To that end, 1966 Batman is actually a pretty good view of our present disparity where the world feels mostly like a dystopia to some and utopia for others. And regardless of whether or how society collapses or if it just keeps right on moving forward, we can expect this same kind of tendency toward disparity to exist. 

My colleague Fritzy put it thusly in this amazing and hilariously disturbing talk: "I see two and only two versions of our future: in one version, things get weird. In the other version, almost everyone dies." In both versions, you've still got 1966 Batman: the most powerful people in society are going to be protecting their own. (And really, isn't that the case we all tend toward? They're just powerful enough that we notice.)

But what’s worth further considering is not just the nature of disparity, but the nature of relying on superheroes to save us. It’s completely disempowering fascist-minded thinking.

In their work, Anti-Oedipus: Capitalism and Schizophrenia, a French philosopher and psychiatrist duo made the argument that Western society is caught in a trap that looks like the ancient story of Oedipus Rex. As a refresher, the ancient tale looks like this: unbeknownst to him, Oedipus kills his father (the king) and marries his own mother, and when the truth of what he's done is made clear to him, he gouges out his eyes.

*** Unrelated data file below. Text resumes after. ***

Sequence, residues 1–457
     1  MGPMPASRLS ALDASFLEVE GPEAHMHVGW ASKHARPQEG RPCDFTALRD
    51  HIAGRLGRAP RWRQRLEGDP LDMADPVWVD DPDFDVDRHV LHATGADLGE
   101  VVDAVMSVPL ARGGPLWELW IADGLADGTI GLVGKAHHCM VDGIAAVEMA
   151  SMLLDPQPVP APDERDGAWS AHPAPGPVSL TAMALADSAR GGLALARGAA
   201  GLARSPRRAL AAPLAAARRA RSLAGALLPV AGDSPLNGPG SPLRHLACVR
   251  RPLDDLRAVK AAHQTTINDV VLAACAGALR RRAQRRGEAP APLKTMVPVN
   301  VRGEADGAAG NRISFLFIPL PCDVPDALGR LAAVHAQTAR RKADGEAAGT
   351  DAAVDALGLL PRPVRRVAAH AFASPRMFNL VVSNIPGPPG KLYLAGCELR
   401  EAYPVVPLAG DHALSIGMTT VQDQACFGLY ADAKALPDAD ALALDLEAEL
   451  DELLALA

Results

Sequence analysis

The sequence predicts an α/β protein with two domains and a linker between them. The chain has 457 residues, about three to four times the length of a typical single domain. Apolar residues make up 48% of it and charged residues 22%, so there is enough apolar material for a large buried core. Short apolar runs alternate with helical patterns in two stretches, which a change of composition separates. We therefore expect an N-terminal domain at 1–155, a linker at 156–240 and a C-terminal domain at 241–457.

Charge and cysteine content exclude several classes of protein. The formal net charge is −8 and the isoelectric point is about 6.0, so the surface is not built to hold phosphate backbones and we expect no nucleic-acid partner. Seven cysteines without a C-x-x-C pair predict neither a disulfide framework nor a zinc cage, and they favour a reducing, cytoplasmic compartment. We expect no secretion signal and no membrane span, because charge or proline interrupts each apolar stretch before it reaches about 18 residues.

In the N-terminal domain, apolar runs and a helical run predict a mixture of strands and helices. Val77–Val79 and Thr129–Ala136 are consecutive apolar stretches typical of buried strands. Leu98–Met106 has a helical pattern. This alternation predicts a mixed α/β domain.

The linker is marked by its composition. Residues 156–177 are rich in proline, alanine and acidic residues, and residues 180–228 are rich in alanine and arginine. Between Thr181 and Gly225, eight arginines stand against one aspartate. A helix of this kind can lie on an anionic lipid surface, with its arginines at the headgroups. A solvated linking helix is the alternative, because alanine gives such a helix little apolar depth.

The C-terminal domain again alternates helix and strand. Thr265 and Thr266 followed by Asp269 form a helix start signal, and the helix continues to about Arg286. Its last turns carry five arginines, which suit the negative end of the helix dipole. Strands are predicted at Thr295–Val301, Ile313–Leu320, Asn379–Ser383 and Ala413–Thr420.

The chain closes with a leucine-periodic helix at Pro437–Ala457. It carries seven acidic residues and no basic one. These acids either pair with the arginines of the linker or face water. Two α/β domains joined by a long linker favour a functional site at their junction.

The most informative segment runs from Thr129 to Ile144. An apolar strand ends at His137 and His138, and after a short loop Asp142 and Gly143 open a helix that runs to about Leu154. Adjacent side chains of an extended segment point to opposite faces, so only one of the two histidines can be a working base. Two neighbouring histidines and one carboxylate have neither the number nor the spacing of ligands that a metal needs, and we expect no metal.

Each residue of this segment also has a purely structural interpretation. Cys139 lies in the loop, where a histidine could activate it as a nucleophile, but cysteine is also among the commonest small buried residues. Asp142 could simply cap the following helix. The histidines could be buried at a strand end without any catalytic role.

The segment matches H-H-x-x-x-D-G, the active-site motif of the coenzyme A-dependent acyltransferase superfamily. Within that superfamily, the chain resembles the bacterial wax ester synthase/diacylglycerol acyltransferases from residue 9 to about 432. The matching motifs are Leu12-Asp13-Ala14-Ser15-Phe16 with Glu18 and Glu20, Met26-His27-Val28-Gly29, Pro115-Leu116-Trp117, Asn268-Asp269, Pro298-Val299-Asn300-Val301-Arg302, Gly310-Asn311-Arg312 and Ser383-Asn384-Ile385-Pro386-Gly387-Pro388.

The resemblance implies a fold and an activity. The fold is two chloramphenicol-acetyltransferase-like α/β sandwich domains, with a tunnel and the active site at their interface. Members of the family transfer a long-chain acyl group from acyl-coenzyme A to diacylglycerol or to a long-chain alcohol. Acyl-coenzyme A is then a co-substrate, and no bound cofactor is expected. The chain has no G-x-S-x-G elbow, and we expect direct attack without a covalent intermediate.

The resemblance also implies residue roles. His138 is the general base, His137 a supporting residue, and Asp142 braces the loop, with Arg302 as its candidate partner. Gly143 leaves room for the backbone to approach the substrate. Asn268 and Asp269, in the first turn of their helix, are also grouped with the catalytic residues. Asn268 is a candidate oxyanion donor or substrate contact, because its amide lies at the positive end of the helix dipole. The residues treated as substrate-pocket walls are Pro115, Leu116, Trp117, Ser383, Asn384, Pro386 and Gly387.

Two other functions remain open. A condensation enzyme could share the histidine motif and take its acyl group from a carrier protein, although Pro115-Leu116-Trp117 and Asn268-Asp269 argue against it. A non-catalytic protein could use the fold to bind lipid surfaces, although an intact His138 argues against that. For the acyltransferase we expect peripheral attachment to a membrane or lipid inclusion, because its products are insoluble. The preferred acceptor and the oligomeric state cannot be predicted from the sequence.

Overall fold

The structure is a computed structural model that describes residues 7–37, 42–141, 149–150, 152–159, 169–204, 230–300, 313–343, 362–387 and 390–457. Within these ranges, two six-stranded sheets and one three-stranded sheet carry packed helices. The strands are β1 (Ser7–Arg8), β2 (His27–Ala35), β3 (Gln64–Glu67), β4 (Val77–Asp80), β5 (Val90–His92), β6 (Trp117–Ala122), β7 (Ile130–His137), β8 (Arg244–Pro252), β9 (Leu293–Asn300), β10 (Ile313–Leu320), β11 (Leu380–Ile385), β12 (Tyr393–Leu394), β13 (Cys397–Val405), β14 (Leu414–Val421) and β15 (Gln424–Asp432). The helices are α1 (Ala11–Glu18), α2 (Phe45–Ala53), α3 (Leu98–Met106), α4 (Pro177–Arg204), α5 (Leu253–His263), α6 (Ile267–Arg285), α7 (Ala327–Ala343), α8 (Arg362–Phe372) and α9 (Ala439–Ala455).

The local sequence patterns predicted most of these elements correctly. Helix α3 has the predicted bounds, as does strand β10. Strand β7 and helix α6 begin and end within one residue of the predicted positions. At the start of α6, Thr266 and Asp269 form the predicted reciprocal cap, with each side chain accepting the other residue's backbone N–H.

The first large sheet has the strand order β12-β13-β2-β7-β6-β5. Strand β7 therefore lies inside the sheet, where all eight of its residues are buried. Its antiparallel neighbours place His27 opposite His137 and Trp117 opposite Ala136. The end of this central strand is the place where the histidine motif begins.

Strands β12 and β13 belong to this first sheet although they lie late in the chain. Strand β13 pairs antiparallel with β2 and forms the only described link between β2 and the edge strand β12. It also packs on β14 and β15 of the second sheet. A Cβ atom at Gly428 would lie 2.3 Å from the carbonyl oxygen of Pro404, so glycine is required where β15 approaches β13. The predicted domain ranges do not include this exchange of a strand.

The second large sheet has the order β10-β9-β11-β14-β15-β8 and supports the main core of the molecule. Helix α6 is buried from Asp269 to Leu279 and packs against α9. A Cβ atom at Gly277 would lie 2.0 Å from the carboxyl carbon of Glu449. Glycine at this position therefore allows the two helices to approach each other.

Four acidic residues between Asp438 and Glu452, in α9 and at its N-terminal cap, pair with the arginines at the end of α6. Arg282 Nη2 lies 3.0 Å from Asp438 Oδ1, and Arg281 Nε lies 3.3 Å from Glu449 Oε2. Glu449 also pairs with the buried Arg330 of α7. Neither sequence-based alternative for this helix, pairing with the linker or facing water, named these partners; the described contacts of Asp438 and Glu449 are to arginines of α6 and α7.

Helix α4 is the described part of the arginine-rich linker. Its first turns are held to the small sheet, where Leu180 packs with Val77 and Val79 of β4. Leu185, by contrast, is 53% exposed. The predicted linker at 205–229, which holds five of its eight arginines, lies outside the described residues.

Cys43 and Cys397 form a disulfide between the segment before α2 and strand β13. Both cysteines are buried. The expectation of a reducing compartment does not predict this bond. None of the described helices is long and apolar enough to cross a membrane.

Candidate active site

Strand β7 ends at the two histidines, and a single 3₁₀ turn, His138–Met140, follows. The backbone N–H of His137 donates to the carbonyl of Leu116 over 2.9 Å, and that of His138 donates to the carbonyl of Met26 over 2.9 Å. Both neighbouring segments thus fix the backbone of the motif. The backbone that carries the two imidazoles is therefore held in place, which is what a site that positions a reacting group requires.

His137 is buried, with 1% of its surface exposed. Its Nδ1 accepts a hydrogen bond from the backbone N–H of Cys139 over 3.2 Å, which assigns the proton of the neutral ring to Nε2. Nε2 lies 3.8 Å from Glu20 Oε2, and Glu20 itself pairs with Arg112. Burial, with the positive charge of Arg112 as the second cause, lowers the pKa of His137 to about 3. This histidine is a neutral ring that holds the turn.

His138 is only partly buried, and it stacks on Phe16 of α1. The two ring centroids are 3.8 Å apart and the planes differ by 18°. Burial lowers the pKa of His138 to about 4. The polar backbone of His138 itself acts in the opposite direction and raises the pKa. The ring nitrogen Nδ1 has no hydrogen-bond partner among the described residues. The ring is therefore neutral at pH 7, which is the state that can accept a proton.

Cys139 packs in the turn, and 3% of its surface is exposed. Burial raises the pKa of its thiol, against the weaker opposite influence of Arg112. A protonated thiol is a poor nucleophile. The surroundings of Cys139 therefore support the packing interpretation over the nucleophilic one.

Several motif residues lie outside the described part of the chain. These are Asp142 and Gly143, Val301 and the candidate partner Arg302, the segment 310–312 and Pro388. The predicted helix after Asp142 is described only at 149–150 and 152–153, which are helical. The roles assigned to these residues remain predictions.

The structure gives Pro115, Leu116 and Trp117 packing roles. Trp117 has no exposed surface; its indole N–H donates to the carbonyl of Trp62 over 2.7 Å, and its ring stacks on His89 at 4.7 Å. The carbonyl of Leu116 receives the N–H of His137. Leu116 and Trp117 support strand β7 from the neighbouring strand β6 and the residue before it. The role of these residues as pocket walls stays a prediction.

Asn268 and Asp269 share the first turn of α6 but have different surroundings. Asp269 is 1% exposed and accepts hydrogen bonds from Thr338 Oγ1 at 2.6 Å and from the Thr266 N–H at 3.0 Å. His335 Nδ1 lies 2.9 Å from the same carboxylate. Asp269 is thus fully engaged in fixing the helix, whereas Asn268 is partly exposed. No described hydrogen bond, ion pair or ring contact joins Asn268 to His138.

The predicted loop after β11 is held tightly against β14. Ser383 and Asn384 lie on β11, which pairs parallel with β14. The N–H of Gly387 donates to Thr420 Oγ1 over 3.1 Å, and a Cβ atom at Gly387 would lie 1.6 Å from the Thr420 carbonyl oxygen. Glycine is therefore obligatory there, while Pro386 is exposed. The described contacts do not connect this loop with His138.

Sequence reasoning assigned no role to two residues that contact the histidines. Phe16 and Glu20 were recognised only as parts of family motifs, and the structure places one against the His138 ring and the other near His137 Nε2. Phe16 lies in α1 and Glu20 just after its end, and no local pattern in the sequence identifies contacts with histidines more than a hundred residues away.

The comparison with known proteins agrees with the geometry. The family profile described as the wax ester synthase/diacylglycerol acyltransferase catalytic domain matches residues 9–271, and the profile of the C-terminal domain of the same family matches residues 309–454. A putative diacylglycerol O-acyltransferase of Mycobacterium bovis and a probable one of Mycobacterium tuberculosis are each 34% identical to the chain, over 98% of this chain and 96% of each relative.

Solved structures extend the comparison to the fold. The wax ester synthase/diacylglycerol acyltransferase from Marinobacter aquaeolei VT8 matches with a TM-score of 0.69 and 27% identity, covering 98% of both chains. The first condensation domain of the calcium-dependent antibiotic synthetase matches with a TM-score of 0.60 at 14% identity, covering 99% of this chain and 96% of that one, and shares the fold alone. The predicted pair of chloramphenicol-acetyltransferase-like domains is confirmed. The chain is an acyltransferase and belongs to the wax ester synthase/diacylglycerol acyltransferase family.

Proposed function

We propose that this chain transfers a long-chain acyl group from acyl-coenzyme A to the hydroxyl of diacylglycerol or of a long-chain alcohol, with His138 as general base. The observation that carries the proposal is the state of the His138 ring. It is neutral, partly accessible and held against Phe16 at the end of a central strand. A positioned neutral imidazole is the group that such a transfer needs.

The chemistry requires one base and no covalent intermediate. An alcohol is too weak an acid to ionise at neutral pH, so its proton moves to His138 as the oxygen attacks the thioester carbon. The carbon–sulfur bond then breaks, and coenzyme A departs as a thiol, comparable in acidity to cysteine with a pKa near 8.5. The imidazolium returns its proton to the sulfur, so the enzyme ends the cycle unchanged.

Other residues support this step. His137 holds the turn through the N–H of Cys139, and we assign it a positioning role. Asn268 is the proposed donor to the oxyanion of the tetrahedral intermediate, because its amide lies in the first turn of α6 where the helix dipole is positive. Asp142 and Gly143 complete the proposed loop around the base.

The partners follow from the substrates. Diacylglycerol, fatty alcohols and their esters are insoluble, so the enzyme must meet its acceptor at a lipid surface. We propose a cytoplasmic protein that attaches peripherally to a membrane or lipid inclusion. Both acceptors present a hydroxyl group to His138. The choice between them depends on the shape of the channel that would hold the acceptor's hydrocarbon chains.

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"Do not become enamored of power" is the chief point of Anti-Oedipus. In his preface, Michel Foucault says: 

"The major enemy, the strategic adversary is fascism... And not only historical fascism, the fascism of Hitler and Mussolini — which was able to mobilize and use the desire of the masses so effectively — but also the fascism in us all, in our heads and in our everyday behavior, the fascism that causes us to love power, to desire the very thing that dominates and exploits us."